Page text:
A no win situation - one where, whatever happens, there will almost certainly be a bad outcome.
Catch 22 was the title of the 1955 novel by Joseph Heller set on a USA AF WWII base. The aircrew are on the edge of breakdown; they must be mad to go on another mission, but the fact that they realise that they must be mad means that they must be sane at the same time. They have to continue flying. Truly a no win situation.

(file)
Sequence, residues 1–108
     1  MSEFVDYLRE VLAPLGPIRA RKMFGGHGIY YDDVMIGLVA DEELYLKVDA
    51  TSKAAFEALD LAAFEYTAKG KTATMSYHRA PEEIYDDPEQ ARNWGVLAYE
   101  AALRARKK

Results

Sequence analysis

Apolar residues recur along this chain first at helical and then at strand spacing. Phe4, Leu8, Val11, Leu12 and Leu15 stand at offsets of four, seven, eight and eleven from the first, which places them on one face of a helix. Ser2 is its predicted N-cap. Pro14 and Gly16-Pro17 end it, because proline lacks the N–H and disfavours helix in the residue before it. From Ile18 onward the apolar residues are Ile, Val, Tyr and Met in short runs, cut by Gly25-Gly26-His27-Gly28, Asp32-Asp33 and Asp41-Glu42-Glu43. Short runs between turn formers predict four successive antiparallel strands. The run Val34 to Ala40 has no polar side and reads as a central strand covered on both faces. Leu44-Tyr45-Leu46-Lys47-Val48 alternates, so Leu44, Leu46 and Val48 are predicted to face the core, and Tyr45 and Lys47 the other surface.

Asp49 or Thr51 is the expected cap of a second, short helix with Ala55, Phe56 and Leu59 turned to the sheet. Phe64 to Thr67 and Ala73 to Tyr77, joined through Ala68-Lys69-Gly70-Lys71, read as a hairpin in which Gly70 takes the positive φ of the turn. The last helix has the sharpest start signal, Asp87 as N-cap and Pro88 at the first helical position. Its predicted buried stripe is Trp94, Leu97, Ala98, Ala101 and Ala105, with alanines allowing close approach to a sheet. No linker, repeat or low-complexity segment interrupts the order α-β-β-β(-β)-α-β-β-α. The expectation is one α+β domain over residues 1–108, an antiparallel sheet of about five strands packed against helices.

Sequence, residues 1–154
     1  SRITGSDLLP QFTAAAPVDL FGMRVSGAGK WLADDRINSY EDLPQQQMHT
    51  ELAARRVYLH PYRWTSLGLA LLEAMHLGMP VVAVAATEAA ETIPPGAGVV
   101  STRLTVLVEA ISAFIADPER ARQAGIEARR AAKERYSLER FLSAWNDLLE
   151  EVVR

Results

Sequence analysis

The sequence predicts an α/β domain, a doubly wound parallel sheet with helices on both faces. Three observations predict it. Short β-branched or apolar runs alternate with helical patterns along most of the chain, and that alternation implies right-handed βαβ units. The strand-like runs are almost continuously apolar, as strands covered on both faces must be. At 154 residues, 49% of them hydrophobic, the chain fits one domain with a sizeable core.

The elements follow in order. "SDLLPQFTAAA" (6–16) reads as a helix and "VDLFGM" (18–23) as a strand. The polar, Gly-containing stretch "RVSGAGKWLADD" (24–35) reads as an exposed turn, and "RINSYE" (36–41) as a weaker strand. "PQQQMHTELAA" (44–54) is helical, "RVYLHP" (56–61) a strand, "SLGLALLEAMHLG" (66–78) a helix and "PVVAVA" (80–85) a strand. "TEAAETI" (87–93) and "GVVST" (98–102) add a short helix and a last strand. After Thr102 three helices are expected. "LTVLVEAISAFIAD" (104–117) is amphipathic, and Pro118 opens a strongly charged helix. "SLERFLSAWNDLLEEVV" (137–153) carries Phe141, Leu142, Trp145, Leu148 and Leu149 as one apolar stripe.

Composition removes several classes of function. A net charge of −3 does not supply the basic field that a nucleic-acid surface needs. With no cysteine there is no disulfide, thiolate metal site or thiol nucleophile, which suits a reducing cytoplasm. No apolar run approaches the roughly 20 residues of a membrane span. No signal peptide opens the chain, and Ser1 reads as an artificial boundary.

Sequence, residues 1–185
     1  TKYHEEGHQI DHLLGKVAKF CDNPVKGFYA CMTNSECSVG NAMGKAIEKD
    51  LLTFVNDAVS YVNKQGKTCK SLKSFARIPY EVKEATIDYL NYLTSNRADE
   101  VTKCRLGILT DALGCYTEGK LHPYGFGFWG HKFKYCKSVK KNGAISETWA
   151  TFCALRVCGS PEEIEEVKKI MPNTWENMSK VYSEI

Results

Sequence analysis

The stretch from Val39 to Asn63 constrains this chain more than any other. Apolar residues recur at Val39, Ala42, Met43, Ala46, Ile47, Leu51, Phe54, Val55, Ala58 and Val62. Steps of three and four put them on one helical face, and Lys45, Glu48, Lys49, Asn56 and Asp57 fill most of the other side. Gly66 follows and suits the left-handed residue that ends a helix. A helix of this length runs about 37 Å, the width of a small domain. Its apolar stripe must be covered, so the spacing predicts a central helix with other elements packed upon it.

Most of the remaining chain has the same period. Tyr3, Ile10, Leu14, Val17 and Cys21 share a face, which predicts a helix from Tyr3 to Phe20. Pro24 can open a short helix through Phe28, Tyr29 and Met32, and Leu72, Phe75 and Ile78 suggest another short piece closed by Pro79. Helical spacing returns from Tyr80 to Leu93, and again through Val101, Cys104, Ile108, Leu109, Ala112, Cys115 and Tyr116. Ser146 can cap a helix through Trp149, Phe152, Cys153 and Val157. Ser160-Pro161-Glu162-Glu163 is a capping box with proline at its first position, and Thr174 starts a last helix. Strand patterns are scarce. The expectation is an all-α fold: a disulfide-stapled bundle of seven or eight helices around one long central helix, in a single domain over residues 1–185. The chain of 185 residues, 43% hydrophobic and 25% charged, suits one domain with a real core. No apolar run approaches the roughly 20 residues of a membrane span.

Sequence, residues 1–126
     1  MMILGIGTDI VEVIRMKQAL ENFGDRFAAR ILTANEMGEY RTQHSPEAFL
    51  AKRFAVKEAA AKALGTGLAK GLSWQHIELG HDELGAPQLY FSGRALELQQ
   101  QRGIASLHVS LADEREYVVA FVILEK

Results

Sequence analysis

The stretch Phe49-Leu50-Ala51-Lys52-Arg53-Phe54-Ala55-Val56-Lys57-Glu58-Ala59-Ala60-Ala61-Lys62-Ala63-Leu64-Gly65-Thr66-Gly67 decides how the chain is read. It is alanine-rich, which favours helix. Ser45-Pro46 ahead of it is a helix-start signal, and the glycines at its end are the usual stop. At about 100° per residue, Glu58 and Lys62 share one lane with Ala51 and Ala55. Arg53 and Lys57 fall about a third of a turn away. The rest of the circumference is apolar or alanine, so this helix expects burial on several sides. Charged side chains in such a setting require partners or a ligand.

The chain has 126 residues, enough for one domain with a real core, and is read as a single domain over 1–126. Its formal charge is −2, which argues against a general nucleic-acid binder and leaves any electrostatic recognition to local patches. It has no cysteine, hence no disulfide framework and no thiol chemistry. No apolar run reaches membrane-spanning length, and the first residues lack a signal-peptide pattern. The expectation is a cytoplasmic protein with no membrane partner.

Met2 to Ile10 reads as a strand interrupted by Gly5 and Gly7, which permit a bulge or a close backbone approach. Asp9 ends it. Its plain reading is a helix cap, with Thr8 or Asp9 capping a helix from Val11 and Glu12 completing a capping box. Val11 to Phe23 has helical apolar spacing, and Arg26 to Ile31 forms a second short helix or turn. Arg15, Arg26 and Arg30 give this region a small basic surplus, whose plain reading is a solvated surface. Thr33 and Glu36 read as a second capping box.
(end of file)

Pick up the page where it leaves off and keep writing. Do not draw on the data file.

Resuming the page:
Why call it Catch 22? During WWII daylight missions flown by the USA AF over Germany, many of the aircraft were shot down. Others were damaged but managed to get back to England. A very few were so damaged that, although they could still fly, they couldn't make it back to base. Such aircraft were allowed by U.S. military law to divert to neutral countries like Sweden and Switzerland. Once there, the crews were interned but they were out of the war. This near-death scenario of gross but not fatal damage was covered by USA AF general directive number 22. Hence, if you could fall into, or catch, the tiny area of severe but not disastrous damage, all would be well. However the likelihood was that you wouldn't and you'd be either shot down and possibly killed, or back in the war.